Corbet's Couloir at Jackson Hole — Photo courtesy of Jackson Hole Mountain Resort
Peer over the precipice of Corbet's Couloir at Jackson Hole, and you'll either be terrified or. . . .well, more terrified.
Corbet's Couloir - named for ski guide James Corbet, founder of the Jackson Hole Mountain Guides - is a narrow chute that starts with a 20-foot vertical drop. And landing on a steep, 55-degree slope. Did we mention the part about the narrow chute? Assuming you're upright on your skis after the two story drop and steep landing, it's a cake walk (for expert skiers) from there, with the run fanning out to about a 45-degree journey down the face of the mountain.
Stunning view of Corbet's Couloir — Photo courtesy of Jackson Hole Mountain Resort
Upon seeing the upside-down, funnel-shaped shoot, Corbet famously remarked in 1960, "Someday, someone will ski that." The first someone to do so was a ski patroller named Lonnie Bell, who made the run in 1967. Jackson Hole offers a four day intense ski school called Steep & Deep for those who are willing to be pushed to their skiing limits, and their advice to those bold enough to make the jump is don't stop - just keep skiing. That's tough advice to take, as experts say that you're going approximately 40-mph out of the chute, once your skis hit snow.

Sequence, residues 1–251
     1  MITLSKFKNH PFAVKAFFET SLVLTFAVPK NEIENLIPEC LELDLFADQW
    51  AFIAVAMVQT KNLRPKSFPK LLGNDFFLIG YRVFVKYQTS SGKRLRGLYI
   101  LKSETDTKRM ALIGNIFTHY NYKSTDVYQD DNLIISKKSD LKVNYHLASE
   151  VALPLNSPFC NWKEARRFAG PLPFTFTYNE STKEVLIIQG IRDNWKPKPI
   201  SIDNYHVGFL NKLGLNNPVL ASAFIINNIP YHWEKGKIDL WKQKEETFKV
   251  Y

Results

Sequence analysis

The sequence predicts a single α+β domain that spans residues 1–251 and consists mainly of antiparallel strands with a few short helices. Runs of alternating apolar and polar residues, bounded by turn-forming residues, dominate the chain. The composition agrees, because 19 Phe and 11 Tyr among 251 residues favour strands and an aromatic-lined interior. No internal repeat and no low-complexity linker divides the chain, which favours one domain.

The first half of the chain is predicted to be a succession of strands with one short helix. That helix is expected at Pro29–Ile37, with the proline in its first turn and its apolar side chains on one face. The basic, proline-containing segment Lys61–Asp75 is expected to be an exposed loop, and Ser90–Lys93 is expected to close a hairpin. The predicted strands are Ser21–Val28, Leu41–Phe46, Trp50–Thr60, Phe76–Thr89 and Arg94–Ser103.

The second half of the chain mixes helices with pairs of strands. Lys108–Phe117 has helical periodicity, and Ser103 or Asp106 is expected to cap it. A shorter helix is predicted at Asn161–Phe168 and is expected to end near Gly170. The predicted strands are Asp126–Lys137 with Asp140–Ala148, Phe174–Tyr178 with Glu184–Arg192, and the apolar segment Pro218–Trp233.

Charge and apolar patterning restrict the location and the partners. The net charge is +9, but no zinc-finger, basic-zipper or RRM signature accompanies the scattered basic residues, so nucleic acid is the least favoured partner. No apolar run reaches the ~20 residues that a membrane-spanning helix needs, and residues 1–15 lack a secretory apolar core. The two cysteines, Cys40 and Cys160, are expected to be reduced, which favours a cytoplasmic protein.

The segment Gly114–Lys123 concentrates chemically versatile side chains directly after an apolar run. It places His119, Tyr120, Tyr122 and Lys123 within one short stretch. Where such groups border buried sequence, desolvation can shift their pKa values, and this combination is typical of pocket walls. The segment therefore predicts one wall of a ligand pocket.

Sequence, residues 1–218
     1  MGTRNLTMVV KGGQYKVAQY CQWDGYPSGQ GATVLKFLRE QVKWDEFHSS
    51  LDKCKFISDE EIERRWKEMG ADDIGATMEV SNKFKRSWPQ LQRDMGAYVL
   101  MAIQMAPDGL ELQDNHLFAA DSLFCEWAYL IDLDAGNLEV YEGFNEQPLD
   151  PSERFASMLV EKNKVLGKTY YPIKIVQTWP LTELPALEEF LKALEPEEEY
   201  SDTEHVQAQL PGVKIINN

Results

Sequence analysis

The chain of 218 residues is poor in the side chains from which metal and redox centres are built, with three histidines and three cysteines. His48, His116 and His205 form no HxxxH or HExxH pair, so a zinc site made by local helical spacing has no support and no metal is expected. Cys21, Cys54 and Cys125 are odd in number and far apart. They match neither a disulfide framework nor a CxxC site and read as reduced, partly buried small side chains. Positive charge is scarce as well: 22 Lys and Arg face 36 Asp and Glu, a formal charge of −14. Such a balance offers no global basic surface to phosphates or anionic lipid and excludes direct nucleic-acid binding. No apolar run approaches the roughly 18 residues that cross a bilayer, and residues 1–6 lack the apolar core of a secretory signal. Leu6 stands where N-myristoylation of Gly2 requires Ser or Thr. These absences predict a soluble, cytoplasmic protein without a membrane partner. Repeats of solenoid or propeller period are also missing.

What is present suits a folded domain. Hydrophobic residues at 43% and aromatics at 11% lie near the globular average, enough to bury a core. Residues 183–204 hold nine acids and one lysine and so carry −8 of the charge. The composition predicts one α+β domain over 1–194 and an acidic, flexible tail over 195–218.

Jackson is one of those ski areas that is all about challenging skills and limits. With an elevation drop of 4,139 feet and warning signs at the summit that read like a warning from your mother, there's phenomenal back country and black diamond skiing, and even the green runs are challenging for those who ski, but not regularly.
Tackle Corbet's Couloir and you definitely earn yourself serious bragging rights . . . and an apres-ski cocktail.